An appropriately symmetrized (and normalized) $N$-particle physical ket can be expressed in the form: $$| \beta_{1}, \beta_{2}, \dots, \beta_{N} \rangle \equiv \frac{1}{\sqrt{N! \prod_{i=1}^{\infty}(n_{\beta_{i}}!)}} \sum_{\mathcal{P} \in S_{N}} \zeta^{[1-\mathrm{sgn}(\mathcal{P})]/2} \, \mathcal{P} (|\beta_{1}\rangle \otimes |\beta_{2} \rangle \otimes \dots \otimes |\beta_{N} \rangle)\,,$$ with $\sum_{i=1}^{\infty} n_{i} = N$. In this equation:

  • $n_{\beta_{i}}$ is the occupation number of the state $|\beta_{i}\rangle$ in the set of states $\{|\beta_{1}\rangle, |\beta_{2}\rangle, \dots, |\beta_{N}\rangle\}$
  • for fermions $\zeta = -1$, while for bosons $\zeta = 1$
  • $\mathcal{P}$ is a permutation operator belonging the the symmetric group on $N$ letters, $S_{N}$, and acting on the tensor product state $|\beta_{1}\rangle \otimes |\beta_{2} \rangle \otimes \dots \otimes |\beta_{N} \rangle$
  • $\mathrm{sgn}(\mathcal{P})$ is the sign of the permutation $\mathcal{P}$, being +1 if $\mathcal{P}$ is even or -1 if it is odd.

In the book by Negele, J.W. and Orland, H., Quantum Many-Particle Systems, the creation operator $a_{\lambda}^{\dagger}$ is defined in a Fock space as: $$a_{\lambda}^{\dagger}| \beta_{1}, \beta_{2}, \dots, \beta_{N} \rangle \equiv \sqrt{n_{\lambda} + 1}\,| \lambda, \beta_{1}, \beta_{2}, \dots, \beta_{N} \rangle\,,$$ where $n_{\lambda}$ is the occupation number of the state $|\lambda\rangle$ in $| \beta_{1}, \beta_{2}, \dots, \beta_{N} \rangle$.

Following this definition, the annihilation operator $a_{\lambda}$ is simply the adjoint of $a_{\lambda}^{\dagger}$, and its action on a many-particle state is determined using the closure relation in the Fock space:

$$|0\rangle\langle0|+\sum_{M=1}^{\infty}\frac{1}{M!}\sum_{\alpha_{1}, \dots, \alpha_{M}} \prod_{i=1}^{\infty} (n_{\beta_{i}}!)\,|\alpha_{1}, \alpha_{2}, \dots, \alpha_{M}\rangle\langle\alpha_{1}, \alpha_{2}, \dots, \alpha_{M}| = \mathbb{1}\,.$$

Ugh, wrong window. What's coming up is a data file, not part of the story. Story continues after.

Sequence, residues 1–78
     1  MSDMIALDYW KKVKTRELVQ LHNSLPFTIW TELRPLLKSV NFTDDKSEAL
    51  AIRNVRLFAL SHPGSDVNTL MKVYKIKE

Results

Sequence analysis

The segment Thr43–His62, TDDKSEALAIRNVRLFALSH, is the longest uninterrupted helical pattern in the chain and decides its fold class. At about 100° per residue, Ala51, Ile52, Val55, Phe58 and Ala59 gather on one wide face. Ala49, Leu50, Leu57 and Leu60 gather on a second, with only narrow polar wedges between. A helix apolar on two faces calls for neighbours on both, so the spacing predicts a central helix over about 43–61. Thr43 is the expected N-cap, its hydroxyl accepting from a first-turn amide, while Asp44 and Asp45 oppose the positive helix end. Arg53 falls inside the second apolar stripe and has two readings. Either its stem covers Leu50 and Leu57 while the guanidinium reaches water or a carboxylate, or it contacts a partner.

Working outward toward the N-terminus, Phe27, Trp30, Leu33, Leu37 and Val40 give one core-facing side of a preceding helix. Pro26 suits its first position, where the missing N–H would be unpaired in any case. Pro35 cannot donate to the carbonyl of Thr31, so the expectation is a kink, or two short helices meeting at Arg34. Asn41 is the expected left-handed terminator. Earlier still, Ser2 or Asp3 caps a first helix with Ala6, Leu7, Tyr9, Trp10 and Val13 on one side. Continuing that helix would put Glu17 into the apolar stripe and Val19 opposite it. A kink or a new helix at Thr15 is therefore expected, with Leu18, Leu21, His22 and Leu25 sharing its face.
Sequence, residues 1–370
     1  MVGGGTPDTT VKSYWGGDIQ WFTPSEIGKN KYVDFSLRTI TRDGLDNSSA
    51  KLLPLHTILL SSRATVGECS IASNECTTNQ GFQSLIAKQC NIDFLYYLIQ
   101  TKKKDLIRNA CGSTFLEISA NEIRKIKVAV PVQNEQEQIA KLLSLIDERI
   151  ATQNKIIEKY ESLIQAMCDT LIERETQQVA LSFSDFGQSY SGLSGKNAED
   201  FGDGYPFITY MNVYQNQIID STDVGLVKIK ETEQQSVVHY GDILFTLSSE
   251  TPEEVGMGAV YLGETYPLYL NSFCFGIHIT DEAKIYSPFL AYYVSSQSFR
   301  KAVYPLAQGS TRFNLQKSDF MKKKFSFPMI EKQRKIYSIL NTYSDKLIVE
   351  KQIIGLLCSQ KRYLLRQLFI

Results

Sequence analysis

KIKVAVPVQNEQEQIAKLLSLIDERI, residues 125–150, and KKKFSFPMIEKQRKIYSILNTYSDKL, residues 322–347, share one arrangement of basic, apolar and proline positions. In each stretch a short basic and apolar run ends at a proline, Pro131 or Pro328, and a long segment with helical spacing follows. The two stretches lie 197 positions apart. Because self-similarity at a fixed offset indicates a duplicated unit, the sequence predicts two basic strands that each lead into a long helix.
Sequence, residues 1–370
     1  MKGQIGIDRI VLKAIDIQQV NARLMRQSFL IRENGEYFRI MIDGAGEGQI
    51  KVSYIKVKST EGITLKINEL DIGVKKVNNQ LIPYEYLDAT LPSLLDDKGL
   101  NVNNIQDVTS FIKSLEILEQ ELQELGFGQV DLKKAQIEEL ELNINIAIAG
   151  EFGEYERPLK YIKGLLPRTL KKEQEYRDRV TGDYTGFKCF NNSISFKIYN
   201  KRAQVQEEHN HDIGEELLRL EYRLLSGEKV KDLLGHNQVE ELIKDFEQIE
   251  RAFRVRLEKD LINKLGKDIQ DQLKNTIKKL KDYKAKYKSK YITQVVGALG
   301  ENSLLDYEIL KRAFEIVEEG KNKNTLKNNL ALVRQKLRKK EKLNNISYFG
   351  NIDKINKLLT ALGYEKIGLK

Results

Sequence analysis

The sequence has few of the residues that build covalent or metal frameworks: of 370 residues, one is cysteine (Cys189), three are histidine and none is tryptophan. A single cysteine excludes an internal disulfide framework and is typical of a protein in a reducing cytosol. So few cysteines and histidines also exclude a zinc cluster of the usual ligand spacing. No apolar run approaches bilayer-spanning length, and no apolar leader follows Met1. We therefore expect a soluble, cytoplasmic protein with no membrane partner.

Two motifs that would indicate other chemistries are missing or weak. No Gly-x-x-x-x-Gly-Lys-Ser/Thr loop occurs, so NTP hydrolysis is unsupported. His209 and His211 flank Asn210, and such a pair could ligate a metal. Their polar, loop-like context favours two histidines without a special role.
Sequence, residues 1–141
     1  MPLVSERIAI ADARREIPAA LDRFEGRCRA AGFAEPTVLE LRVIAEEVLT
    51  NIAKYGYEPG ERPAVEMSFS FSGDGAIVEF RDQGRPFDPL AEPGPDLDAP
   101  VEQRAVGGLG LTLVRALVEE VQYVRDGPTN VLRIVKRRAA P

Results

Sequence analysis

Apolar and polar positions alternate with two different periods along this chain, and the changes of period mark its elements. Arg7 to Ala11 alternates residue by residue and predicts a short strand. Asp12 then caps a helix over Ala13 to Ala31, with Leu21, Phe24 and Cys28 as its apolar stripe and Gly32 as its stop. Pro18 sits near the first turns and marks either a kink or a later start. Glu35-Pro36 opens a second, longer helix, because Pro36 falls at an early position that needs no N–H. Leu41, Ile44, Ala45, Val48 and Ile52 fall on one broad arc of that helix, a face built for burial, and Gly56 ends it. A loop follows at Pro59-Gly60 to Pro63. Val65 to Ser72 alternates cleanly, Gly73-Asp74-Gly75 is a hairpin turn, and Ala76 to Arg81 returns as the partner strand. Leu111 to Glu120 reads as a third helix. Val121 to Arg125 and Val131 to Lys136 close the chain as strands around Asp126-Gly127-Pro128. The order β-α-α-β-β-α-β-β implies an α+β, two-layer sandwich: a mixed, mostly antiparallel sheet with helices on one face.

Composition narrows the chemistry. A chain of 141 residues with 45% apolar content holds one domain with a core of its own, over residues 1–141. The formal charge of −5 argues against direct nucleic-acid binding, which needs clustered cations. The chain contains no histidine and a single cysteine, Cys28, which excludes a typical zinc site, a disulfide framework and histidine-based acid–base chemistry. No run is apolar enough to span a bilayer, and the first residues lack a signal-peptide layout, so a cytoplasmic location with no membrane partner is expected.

Now, the problem is that when I try to derive an expression for $a_{\lambda}$, I am not able to obtain the prefactor $\frac{1}{\sqrt{n_{\lambda}}}$, as in equation 1.78b of the aforementioned book, which reads:

$$a_{\lambda} |\beta_{1}, \beta_{2}, \dots, \beta_{N} \rangle = \frac{1}{\sqrt{n_{\lambda}}} \sum_{i = 1}^{N} \zeta^{i-1} \delta_{\lambda, \beta_{i}} |\beta_{1}, \dots, \overline{\beta_{i}}, \dots, \beta_{N}\rangle\,,$$ in which $\delta$ is the Kronecker delta and $\overline{\beta_{i}}$ indicates that the state $|\beta_{i}\rangle$ has been removed from the $N$-particle state $|\beta_{1}, \beta_{2}, \dots, \beta_{N}\rangle$.

Any help? Thanks.


1 Answer 1


The formula for the annihilator is written to be valid for bosons and fermions and assumes that $n_\lambda$ is not zero and (because $\frac{1}{\sqrt{n_\lambda}}$ will be $1/0$ then, but we can define that $0/\sqrt{0} = 0$). This generality causes the complicated structure (for bosons one would usually work with states labelled by occupation numbers, since all permutations of the state labels signify the same state).

In the Fermi case $n_\lambda$ is one or zero and only one term will contribute on the right hand side, the $\zeta^{i-1}$ produces the correct signs. (Note: even if the Fermi state is a zero written in a fancy way like $\left|1,0,1\right>$ or $\left|1,1,0\right>$ the formula will be correct, the two terms on the right hand side will cancel).

Now for bosons all permutations of the labels signify the same state, so we can think in terms of occupation numbers, and derive that $a_\lambda\left|n\right> = \sqrt{n}\left|n-1\right>$ by taking the adjoint of the formula for the creator (and that the occupation numbers of all other states do not matter).

Now there are $n_\lambda$ equal terms on the right hand side (since any permutation of the labels implies the same state) and $a_\lambda$ has to create a factor $\sqrt{n_\lambda}$ overall to be the adjoint to $a_\lambda^\dagger$, therefore you need the $n_\lambda^{-1/2}$ to arrive at the correct factor.


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